When you’ve suffered from depression for as long as I have, sometimes you just need to read something by someone who is real about it without sounding preachy. Jacqueline Novak evokes humor in How to Weep in Public: Feeble Offerings on Depression From One Who Knows in order to describe her path through depression. Her unique perspective on living with depression struck a chord with me. Instead of reading the usual self-help books that tell you how to feel better when you feel like you could never do anything of the sort, Novak doesn’t even pretend to want to cure you. In fact, she gives useful pointers on things to do while you’re lying around and how to be a more effective depressed person. Wouldn’t you like to read more from someone who really understands while getting some humor out of the situation? Novak does an expert job of turning depression into a dark comedy.
At the end of some of the chapters, Novak has lists of useful information like “Top Six Ways to See Yourself, Other Than a Useless Lump,” “Top Nine Birthday Presents for the Child Depressive-in-Training,” “Top Five Tips for Crying in the Shower,” and “Top Four Tips for Crying in a Restaurant.” I enjoyed these lists more than anything else in the book because they provided the most humor. Mostly, though, I just appreciated knowing that someone else has experienced the same hell I’ve been through without all the pretense. Her experiences are real and paint a true picture of what it’s like to go through depression.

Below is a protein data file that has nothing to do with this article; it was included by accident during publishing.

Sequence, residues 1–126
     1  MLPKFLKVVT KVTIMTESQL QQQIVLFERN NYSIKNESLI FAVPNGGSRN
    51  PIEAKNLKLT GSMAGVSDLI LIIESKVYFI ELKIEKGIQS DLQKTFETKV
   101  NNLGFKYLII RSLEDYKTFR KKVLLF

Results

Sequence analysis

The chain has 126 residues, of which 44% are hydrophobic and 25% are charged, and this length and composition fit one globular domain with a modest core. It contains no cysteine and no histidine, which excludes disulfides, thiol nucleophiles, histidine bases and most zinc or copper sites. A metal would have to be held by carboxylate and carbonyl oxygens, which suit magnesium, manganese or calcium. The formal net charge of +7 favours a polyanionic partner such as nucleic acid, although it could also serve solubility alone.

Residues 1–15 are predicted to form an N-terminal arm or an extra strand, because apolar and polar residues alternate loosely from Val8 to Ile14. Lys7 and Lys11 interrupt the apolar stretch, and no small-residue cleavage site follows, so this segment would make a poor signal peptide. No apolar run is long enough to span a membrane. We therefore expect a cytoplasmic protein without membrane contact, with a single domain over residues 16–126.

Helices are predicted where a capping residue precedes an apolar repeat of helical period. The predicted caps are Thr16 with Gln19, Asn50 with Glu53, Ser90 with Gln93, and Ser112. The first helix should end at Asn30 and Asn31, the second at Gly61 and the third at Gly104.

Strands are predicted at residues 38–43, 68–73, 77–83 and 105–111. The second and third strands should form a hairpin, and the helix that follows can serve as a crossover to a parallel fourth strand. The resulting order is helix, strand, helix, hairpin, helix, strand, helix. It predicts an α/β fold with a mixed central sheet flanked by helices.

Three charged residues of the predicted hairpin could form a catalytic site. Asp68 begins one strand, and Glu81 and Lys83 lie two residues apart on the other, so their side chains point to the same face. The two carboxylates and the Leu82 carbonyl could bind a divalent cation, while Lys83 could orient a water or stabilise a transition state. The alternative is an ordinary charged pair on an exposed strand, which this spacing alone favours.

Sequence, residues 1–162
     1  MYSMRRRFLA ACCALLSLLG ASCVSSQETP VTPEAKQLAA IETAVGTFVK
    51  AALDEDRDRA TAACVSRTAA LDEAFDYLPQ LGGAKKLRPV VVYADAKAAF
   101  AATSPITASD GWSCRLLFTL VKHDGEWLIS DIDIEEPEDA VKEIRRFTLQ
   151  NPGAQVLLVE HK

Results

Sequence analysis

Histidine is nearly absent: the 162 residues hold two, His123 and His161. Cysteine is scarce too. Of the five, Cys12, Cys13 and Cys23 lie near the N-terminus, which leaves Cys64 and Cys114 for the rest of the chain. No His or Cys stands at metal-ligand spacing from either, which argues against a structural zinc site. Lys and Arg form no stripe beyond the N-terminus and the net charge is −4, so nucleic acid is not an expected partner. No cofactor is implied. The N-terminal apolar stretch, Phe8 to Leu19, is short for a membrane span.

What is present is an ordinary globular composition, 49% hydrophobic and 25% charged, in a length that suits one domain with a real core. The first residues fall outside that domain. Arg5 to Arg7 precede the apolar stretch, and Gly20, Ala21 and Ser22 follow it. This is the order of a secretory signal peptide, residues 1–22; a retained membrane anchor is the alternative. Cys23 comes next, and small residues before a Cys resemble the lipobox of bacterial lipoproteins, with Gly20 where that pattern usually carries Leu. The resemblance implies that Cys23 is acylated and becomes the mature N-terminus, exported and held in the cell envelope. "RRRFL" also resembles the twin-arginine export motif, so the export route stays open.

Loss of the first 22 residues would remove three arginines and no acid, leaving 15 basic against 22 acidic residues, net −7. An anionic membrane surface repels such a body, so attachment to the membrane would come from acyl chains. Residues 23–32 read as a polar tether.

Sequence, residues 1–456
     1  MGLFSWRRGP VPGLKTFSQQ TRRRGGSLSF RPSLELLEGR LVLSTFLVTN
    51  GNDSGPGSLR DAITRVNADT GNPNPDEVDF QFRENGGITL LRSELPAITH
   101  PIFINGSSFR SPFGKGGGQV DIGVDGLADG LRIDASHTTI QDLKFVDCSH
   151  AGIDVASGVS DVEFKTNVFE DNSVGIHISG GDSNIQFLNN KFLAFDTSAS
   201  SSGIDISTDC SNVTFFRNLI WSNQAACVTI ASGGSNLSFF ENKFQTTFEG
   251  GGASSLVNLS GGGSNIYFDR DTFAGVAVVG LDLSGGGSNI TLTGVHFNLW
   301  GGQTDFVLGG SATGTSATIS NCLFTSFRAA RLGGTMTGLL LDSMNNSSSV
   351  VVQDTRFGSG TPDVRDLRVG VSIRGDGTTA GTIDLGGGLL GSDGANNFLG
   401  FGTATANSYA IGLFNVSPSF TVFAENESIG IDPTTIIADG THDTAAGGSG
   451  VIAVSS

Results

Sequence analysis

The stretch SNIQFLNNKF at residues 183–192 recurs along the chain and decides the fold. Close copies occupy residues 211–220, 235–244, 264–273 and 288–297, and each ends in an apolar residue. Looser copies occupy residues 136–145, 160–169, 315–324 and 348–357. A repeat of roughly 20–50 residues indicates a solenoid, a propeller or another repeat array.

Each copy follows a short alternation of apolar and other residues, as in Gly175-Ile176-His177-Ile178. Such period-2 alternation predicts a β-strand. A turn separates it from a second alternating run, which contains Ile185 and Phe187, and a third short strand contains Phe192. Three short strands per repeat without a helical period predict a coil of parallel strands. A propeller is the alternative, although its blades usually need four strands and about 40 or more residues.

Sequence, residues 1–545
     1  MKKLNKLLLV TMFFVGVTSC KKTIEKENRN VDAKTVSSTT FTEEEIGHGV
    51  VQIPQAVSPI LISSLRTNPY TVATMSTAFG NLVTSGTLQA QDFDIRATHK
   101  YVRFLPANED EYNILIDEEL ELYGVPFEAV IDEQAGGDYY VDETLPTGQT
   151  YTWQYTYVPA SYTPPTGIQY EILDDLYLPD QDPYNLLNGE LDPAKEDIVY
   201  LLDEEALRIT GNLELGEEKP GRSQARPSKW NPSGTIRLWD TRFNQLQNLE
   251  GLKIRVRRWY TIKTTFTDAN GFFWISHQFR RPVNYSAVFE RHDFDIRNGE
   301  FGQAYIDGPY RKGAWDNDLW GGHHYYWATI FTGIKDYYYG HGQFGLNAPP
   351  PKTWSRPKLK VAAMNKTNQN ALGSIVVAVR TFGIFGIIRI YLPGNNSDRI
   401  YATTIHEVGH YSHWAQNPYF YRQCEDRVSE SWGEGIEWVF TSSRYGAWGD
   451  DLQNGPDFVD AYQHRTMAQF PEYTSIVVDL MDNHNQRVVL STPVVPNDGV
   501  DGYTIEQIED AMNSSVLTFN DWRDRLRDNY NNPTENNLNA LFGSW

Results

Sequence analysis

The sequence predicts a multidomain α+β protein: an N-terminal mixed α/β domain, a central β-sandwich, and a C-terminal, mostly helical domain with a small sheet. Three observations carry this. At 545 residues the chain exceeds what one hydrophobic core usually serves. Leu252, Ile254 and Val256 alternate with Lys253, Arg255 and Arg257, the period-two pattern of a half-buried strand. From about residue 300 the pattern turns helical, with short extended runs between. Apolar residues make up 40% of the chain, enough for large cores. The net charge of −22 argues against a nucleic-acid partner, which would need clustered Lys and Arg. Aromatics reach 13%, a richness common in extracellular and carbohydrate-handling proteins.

To provide an example of how Novak’s depression lists, I created an infographic from her list of a few good books for the depressed, but you’ll have to get the rest from her actual book. If you’re suffering from depression, here are a few good books, according to Novak:
And if you need to send a message to your friends and family about what not to say to you when you’re going through depression, check out my 7 Incorrect Statements to Make to a Depressed Person.
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To check out Jacqueline Novak’s book, you can find it on Amazon!
If you — or someone you know — need help, please call 1-800-273-8255 for theNational Suicide Prevention Lifeline. If you are outside of the U.S., please visit theInternational Association for Suicide Prevention for a database of international resources.